During operation of the system, each node sends a message on each network interface to discover which nodes can communicate on that network interface and which network interface is being used on the other node. Each node creates a matrix indicating the connectivity from that node. Upon request from one of the nodes, say computer 102, each node communicates its matrix to that node so that the matrices can be combined into a master matrix.
Classifying as Private or Public
After receiving the replies to the ping message, computer 102 sends a router discovery message on network interfaces 110, 112, and 114 (step 406). Next, computer 102 listens for replies to the router discovery message on network interfaces 110, 112, and 114 (step 408).
Finally, computer 102 classifies each interface as private or public (step 410). Note that a private network has very few responses to the ping message and no responses to the router discovery message, while a public network has many replies to the ping message and typically has a response to the router discovery message.
After creating the master matrix, computer 102 determines which nodes form a cluster (step 606). In one embodiment of the present invention, a cluster consists of a set of nodes for which each node can communicate with each other node via two private networks. This set can be obtained by using well-known graph algorithms. For instance, a strongly connected subcomponent graph can be generated from the matrix, and then all nodes verified to have two private connections. Computer 102 creates a proposed cluster configuration and presents the information to administrator 140 through client 136 (step 608).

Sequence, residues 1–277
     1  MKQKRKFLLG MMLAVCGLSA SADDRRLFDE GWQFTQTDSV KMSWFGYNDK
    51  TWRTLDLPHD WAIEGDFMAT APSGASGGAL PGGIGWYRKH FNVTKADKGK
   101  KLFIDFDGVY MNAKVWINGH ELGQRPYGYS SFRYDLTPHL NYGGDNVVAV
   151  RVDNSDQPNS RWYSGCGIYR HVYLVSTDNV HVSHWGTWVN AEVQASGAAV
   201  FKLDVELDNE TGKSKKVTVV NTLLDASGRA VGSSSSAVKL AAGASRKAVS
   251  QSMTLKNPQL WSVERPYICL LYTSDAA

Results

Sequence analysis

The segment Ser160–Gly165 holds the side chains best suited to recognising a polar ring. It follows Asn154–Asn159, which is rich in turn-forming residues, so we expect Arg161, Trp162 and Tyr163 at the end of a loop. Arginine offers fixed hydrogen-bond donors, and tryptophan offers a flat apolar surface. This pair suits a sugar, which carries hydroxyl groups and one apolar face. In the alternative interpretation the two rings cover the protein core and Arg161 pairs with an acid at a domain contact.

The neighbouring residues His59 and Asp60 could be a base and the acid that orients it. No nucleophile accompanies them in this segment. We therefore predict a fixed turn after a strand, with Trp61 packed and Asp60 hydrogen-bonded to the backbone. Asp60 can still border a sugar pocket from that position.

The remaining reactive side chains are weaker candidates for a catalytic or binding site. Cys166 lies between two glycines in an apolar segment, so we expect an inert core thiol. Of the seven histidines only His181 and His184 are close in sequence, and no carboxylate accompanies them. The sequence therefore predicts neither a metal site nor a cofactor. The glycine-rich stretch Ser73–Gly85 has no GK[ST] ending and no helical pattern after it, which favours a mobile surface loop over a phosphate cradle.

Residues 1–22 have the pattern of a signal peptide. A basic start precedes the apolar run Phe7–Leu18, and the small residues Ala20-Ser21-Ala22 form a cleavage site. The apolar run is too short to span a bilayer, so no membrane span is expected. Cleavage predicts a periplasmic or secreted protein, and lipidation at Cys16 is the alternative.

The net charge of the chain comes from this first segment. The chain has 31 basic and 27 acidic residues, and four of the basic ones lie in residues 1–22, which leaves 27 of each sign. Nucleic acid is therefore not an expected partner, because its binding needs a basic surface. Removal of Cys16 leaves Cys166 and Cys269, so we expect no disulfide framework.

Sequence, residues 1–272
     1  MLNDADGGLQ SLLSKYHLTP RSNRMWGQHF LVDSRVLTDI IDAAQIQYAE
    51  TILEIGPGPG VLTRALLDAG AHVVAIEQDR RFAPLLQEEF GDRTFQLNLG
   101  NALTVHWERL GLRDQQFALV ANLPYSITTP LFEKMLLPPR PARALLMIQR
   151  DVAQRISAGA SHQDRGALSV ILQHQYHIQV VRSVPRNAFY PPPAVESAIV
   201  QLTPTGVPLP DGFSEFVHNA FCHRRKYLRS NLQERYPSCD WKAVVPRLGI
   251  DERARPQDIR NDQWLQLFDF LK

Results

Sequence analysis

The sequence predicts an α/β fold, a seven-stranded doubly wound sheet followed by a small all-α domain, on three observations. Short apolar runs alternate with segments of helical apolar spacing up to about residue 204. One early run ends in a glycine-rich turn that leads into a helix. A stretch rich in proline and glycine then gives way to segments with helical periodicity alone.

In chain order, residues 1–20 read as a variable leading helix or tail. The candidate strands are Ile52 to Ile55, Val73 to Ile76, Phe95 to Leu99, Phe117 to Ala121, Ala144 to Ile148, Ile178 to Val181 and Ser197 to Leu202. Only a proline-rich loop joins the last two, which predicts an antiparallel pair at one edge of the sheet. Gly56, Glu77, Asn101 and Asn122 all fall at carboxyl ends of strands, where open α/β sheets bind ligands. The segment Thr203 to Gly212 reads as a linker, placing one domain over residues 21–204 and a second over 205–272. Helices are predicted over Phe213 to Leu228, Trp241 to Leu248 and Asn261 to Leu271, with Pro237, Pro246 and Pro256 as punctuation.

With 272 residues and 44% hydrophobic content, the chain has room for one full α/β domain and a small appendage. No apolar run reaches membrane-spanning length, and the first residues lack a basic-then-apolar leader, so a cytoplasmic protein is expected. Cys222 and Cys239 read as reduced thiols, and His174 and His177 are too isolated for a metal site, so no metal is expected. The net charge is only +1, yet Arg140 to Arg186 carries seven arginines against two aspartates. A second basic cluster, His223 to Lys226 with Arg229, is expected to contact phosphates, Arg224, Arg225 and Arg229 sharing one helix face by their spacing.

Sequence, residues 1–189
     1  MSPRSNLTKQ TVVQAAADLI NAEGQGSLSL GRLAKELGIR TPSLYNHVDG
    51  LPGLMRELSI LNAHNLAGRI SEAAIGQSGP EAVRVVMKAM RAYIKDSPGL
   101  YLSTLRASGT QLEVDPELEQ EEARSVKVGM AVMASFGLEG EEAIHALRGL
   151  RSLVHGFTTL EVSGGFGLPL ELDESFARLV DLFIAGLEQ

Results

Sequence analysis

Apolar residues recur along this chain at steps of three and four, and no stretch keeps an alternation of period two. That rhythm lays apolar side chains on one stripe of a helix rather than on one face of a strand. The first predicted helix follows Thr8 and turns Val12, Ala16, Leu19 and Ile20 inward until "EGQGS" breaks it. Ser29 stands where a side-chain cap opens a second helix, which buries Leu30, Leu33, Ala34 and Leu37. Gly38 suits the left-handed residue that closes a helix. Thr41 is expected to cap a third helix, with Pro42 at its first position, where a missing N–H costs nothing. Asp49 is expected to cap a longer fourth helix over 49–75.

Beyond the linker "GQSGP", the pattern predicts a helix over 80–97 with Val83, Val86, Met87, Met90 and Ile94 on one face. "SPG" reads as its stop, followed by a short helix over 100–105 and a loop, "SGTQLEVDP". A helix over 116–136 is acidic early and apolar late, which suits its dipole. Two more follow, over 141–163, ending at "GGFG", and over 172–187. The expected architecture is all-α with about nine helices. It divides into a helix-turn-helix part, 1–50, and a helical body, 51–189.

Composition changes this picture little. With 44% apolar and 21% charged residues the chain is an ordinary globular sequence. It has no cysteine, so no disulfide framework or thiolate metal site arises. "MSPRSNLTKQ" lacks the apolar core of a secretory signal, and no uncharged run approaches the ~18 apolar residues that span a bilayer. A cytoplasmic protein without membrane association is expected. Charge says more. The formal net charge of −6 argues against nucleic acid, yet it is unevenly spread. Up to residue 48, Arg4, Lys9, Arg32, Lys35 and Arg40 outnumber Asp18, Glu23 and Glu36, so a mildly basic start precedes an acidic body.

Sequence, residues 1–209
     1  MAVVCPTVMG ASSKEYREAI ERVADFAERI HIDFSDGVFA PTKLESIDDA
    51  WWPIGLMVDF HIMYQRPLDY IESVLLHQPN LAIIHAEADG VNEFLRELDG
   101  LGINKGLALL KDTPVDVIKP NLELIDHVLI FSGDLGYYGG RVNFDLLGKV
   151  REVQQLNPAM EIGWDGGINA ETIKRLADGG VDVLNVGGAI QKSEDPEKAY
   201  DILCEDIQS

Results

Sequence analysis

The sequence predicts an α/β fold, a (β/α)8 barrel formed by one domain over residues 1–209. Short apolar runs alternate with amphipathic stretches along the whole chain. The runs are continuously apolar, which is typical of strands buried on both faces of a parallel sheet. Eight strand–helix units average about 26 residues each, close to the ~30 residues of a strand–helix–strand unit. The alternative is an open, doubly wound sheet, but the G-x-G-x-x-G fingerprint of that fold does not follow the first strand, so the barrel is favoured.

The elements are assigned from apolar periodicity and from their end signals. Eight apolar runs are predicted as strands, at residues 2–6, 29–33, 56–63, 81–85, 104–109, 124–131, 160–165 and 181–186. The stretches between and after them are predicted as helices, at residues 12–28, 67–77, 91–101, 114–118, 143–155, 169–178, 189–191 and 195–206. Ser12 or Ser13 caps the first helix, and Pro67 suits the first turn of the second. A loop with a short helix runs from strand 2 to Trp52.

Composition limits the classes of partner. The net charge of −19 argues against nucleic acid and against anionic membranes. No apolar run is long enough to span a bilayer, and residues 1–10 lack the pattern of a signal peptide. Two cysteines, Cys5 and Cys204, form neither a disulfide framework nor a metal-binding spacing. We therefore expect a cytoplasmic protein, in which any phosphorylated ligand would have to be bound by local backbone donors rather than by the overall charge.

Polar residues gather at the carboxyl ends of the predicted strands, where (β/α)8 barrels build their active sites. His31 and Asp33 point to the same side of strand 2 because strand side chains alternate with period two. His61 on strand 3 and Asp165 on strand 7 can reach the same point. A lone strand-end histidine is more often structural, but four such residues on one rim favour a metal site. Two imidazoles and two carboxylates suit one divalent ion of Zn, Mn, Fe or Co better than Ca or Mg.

Next, administrator 140 either confirms the configuration or requests to make manual changes to the configuration (step 610). If administrator 140 confirms the configuration, configurer 108 installs the cluster (step 612).
If administrator 140 requests to make manual changes at 610, computer 102 receives the changes from client 136 (step 614). Next, computer 102 determines if the changes form a valid cluster (step 616). Note that the changes must comply with the requirements for a valid cluster such as having at least two private networks coupling each node in the cluster. If the changes are valid at 616, configurer 108 installs the cluster, otherwise, computer 102 sends an error message to client 136 (step 618). After sending the error message, the process returns to 614 to get additional changes from client 136.